Tracy Horwitz grew up in the TSTI congregation and has worked in the field of Jewish communal service at JCC-MetroWest and at TSTI since 1990. As the Temple’s Program Director, she interacts with the entire congregation, from pre-school children to senior adults, with a special focus on reaching out to high school students. A licensed social worker, Tracy develops support groups and mental health programs for all ages. She also coordinates the Temple’s adult education programs and its thriving youth group, STISY. Tracy earned a Bachelors degree from Syracuse University, Newhouse School and a Masters in Social Work from Yeshiva University.

HISTORY

Temple Sharey Tefilo: The congregation began in 1874, when 10 merchants from Orange, New Jersey met in a small room above a storefront on Cleveland Street to establish Congregation Sharey Tefilo. In 1895, the congregation moved to another building in Orange, which served as the congregation’s home until 1927, when they relocated to Prospect Street in East Orange. Founded as an Orthodox synagogue, the congregation affiliated with the Reform movement in 1921. Its membership increased dramatically in the years following World War II, as Jews migrated to the New Jersey suburbs.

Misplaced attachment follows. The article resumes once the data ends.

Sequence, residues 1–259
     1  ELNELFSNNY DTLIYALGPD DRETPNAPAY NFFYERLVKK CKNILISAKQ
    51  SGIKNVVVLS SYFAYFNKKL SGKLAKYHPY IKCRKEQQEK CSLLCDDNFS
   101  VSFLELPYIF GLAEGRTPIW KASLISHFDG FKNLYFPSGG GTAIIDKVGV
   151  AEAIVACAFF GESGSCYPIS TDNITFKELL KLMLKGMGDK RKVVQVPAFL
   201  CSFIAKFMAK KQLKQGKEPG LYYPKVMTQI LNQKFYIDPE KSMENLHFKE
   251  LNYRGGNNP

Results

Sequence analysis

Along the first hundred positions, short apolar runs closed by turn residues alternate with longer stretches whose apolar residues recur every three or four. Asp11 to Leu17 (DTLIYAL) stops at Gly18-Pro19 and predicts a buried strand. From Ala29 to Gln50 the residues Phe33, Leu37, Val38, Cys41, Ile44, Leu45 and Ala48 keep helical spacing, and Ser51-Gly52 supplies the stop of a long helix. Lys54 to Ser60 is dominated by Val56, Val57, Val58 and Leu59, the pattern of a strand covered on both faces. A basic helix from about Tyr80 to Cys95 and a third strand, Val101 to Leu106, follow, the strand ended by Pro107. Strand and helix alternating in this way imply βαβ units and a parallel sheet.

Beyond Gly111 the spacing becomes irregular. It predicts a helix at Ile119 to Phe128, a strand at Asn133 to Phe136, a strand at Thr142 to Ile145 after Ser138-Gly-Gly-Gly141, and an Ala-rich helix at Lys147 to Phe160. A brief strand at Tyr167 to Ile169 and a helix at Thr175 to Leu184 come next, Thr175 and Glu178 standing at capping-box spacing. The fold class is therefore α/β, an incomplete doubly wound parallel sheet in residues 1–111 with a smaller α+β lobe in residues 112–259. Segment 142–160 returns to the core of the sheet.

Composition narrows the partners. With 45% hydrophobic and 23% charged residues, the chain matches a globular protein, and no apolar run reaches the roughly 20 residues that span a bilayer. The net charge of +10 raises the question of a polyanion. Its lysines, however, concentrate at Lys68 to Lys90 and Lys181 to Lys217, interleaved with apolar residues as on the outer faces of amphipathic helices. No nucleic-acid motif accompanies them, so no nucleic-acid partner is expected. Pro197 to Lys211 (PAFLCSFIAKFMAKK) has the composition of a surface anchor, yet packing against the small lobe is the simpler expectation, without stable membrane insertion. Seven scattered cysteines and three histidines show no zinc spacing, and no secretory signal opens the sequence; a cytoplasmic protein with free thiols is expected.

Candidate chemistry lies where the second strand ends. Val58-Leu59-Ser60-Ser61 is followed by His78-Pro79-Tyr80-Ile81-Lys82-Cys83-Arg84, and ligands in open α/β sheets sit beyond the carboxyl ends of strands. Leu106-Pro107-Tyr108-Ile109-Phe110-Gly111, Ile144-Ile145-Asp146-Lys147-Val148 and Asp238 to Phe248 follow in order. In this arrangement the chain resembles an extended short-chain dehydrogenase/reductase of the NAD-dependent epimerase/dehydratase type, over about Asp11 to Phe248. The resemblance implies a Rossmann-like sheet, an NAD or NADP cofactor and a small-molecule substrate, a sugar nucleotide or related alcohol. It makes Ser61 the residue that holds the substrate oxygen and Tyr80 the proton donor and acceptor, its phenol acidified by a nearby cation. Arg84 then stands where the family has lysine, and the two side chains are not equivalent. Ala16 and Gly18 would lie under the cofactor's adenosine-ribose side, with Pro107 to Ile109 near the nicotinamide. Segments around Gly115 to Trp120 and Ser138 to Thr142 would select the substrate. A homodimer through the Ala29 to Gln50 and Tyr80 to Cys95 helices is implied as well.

Temple Israel: In April of 1948, 229 families from Sharey Tefilo established Temple Israel in South Orange. Within a year, Temple Israel’s congregation had purchased the historic Kip-Riker mansion on two acres of land, which remains the site of TSTI today. Temple Israel grew in both size and programs, with expansions of the facility taking place in 1953 and in 1963.

Temple Sharey Tefilo-Israel: The joining of the two Temple families into a single congregation occurred in 1982, when the members of Sharey Tefilo carried their Torahs into Temple Israel in South Orange. Today, the congregation of 900+ families comes together for worship, learning, service and social programs in TSTI’s welcoming sanctuary and multi-purpose building.

Events


Website: www.tsti.org

Category: Temple Sharey Tefilo-Israel